A special train service from Shrewsbury to Pwllheli will be put on later today to mark the 150th anniversary of the historic Barmouth Bridge.
Passengers are being invited to travel on-board a locomotive pulling Riviera Mark 1 carriages along the scenic route.
The wooden viaduct has an extraordinary history having survived two world wars and coming under threat from a live naval mine.
It opened in 1867 and was designed by Benjamin Piercy and Henry Conybeare.
The decision was made to build it out of timber as it was cheaper to import by sea than iron.
It originally included a drawbridge to allow tall ships to pass through. This was later replaced by the current swing bridge section.
Over the years, the bridge provided a mode of transport for many despite dwindling passenger numbers. A toll was introduced for foot and cycle traffic but was abolished in 2013.
It was in 1980 that the future of the wooden structure was left in doubt. British Rail discovered woodworm had eaten into 69 of the pillars with an estimated repair cost of £2.5million.
While many of the services were relocated, Gwynedd Council didn't want to entirely close the bridge due to it being a popular tourist attraction for the area.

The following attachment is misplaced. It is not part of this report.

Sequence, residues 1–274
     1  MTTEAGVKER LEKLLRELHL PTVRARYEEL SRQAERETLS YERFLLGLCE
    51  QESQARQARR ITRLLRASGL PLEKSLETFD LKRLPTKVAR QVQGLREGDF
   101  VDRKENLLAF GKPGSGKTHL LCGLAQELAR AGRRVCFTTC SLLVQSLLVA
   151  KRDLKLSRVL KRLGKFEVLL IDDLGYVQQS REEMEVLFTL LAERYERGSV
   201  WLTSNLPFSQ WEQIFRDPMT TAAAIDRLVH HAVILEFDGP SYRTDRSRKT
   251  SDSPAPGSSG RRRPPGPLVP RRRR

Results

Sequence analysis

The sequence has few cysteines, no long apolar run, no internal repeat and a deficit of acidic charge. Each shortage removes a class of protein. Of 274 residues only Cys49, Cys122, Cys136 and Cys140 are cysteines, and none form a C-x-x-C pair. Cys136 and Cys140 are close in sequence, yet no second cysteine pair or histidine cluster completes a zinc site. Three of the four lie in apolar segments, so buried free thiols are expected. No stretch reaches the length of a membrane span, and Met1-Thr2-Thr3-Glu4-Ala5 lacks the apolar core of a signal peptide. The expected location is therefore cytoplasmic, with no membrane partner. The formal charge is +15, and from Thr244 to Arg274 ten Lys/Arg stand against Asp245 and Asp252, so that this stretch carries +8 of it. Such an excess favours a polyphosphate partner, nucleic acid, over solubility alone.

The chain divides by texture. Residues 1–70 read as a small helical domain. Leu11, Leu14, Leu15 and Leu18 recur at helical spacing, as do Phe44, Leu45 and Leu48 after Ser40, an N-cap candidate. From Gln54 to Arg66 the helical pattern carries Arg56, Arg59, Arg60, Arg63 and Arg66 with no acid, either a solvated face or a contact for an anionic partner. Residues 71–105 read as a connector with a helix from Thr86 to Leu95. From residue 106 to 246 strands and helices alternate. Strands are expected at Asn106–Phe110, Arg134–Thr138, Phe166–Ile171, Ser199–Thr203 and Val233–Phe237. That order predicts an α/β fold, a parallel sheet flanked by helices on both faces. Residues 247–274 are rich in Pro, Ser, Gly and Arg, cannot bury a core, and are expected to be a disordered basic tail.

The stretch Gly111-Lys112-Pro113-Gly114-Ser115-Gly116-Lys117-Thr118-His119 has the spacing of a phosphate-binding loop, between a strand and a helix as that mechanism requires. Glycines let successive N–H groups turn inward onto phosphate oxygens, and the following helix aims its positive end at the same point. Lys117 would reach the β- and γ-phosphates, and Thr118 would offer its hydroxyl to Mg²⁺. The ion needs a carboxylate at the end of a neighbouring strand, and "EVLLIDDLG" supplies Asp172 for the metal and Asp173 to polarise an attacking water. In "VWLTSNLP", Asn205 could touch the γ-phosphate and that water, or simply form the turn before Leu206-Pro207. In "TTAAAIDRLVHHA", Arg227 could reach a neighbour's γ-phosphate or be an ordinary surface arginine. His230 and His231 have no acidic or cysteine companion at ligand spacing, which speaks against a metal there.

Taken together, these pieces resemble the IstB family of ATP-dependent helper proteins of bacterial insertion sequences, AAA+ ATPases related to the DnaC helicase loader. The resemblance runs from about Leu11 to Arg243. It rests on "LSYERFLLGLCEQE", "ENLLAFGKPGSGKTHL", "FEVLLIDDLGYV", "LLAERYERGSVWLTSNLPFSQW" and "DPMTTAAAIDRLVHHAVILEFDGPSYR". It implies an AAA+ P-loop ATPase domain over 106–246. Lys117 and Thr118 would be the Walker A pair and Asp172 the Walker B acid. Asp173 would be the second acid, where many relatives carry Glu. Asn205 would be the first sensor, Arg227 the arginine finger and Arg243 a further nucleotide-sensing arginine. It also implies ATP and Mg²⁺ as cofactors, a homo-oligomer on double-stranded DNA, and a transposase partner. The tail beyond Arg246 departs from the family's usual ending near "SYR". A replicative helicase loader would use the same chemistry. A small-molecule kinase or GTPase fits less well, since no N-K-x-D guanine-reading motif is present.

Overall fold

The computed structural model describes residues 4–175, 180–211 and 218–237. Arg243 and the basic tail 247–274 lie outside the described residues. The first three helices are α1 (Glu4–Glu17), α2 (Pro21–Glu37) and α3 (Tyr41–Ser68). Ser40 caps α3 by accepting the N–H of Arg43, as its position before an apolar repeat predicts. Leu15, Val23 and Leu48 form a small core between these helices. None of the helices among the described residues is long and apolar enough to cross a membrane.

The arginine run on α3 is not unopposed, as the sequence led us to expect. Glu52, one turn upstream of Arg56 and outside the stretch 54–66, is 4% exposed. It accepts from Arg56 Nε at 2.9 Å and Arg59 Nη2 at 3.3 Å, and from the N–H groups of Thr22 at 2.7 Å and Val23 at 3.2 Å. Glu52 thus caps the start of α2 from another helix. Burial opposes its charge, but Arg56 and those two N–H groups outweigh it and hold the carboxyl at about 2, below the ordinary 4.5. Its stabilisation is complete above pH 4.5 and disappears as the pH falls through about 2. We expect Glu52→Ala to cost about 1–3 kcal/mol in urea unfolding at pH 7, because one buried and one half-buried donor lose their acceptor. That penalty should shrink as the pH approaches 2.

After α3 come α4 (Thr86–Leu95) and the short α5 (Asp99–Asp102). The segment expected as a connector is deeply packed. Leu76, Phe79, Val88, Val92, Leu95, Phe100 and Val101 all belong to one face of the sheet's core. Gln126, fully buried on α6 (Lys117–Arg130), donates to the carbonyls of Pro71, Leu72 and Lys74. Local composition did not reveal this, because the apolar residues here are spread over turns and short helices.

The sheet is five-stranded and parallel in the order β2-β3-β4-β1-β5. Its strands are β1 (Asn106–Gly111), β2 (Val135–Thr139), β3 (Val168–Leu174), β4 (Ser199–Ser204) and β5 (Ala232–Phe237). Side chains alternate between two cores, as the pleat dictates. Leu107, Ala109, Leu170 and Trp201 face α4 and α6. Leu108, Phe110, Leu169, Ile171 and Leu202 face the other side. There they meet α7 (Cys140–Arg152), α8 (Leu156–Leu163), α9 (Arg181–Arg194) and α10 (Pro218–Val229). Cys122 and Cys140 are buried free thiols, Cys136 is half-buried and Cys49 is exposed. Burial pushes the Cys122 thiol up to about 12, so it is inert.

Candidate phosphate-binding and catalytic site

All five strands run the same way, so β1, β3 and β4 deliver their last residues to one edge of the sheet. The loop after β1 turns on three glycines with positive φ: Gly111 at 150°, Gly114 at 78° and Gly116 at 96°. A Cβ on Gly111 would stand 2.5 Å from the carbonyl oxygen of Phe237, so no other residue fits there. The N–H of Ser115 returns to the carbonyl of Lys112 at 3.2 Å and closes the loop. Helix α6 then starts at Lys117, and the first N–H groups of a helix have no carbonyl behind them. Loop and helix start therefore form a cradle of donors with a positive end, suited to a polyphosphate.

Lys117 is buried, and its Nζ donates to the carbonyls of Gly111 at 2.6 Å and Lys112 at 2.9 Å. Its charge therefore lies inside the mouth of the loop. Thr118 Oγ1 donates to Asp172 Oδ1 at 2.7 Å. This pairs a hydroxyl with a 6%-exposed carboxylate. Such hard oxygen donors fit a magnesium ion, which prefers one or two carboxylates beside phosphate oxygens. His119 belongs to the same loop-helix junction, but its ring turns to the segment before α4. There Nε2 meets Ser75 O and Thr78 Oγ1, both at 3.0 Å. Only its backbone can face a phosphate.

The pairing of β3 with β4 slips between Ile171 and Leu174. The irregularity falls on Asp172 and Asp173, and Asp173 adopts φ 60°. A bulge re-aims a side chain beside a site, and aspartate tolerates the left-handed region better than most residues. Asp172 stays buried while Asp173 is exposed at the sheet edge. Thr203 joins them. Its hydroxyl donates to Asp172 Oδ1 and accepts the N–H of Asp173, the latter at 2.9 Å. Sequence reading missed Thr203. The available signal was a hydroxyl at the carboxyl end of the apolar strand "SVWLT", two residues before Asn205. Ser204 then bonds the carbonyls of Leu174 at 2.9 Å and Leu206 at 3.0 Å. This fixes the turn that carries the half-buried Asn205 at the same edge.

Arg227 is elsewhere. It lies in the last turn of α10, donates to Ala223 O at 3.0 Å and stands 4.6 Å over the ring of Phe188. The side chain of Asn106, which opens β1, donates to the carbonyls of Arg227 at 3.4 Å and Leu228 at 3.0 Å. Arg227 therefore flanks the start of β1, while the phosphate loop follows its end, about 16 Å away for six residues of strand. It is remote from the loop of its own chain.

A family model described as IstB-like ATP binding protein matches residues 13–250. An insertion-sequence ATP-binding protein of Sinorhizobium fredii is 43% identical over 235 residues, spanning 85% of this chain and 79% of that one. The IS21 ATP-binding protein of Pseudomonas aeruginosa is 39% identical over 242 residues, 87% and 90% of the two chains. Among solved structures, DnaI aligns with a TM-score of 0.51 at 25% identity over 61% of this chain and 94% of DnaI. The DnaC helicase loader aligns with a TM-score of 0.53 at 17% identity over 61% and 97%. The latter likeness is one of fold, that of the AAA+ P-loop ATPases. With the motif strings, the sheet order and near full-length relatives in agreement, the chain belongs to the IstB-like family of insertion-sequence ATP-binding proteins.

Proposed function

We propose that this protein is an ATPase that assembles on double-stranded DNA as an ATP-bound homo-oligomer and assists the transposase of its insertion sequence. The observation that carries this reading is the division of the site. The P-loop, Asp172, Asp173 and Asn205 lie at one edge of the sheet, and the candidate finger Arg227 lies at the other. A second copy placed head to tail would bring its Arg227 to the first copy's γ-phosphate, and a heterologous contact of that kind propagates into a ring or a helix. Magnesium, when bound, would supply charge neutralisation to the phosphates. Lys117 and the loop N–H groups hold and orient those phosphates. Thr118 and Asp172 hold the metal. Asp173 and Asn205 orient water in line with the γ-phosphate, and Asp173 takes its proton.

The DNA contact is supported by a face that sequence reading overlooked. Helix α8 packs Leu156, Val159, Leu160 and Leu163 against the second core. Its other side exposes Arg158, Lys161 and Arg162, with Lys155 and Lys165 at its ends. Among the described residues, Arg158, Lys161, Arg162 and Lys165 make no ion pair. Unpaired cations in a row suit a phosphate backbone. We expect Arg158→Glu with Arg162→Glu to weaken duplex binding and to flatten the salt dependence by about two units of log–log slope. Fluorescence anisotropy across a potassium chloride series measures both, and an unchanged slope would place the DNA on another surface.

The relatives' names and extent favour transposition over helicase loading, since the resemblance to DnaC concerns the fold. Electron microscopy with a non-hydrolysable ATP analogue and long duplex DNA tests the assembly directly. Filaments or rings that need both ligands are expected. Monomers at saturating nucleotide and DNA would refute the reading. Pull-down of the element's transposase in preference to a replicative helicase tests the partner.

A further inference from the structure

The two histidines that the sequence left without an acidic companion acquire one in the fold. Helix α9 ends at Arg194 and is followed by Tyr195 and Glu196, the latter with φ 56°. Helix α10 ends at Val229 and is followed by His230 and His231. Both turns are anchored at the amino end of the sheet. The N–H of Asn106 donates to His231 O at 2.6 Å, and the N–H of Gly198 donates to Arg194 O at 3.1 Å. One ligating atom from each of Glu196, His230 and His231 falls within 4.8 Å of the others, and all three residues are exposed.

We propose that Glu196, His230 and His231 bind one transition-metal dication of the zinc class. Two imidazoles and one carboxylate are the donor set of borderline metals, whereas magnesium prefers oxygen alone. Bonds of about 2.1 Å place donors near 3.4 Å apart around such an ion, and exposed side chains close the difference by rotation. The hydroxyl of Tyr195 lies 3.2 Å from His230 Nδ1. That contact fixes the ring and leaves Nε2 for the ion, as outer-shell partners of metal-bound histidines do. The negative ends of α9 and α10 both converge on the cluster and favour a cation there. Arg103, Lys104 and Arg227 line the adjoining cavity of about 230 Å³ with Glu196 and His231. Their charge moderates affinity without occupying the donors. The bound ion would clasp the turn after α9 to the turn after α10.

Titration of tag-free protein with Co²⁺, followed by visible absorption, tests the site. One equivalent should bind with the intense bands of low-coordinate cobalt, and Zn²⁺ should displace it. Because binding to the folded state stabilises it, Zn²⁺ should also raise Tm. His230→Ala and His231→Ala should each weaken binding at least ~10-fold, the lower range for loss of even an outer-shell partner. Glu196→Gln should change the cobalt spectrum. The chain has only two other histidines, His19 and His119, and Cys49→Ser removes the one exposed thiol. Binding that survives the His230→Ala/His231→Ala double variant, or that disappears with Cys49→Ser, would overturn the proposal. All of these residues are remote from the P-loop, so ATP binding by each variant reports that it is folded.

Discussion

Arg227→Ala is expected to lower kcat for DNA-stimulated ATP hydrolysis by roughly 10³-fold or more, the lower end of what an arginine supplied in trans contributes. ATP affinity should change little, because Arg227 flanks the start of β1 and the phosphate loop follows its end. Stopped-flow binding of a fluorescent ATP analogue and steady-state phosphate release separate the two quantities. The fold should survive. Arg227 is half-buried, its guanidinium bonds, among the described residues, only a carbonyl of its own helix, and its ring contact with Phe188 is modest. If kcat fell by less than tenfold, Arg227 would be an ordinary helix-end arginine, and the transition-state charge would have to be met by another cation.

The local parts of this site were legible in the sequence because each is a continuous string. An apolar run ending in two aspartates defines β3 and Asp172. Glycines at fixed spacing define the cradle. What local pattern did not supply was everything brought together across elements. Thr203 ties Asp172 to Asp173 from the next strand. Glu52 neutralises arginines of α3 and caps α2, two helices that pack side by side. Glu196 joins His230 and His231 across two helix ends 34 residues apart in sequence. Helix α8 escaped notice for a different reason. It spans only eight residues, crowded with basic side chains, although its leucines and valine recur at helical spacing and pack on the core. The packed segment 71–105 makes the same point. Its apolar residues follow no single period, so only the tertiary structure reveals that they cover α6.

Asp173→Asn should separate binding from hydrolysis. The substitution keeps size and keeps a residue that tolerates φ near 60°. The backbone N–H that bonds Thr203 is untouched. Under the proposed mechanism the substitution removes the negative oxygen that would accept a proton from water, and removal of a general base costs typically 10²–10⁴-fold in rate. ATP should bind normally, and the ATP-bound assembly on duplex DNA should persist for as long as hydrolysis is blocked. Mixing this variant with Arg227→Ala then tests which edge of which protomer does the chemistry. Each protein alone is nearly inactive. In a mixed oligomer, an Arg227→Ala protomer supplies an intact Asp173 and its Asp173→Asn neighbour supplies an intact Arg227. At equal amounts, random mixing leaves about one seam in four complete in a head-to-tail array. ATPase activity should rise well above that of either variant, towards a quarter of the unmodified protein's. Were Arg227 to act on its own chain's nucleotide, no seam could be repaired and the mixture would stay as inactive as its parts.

Instead, the government applied for a grant to cover the costs of the repair work and further money was spent on improving signalling. It was closed for six months while the work was carried out.
The maintenance costs of the bridge still proves problematic to the council - with an estimated £40,000-a-year maintenance outlay.
Despite this, the viaduct remains a popular attraction with many tourists and is considered one of the most scenic routes through North Wales.
Here's some fun facts about the Barmouth Bridge.
- It's a Grade II listed structure
- It's around 699 metres long
- It contains 113 wooded trestles supported by a series of cast iron piers.
- It is one of the longest timber viaducts still standing in Britain